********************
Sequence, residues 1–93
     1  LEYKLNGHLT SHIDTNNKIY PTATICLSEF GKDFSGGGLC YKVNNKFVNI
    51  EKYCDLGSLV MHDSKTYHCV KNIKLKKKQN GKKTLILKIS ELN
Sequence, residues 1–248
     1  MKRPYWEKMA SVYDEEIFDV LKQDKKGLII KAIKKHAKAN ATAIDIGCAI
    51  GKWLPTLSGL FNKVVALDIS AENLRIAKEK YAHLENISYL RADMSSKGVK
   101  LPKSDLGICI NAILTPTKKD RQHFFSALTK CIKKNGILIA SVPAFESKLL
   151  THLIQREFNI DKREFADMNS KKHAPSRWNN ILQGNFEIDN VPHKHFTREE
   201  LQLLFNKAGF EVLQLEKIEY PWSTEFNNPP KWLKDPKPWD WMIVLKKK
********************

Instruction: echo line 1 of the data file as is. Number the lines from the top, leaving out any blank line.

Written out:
Sequence, residues 1–93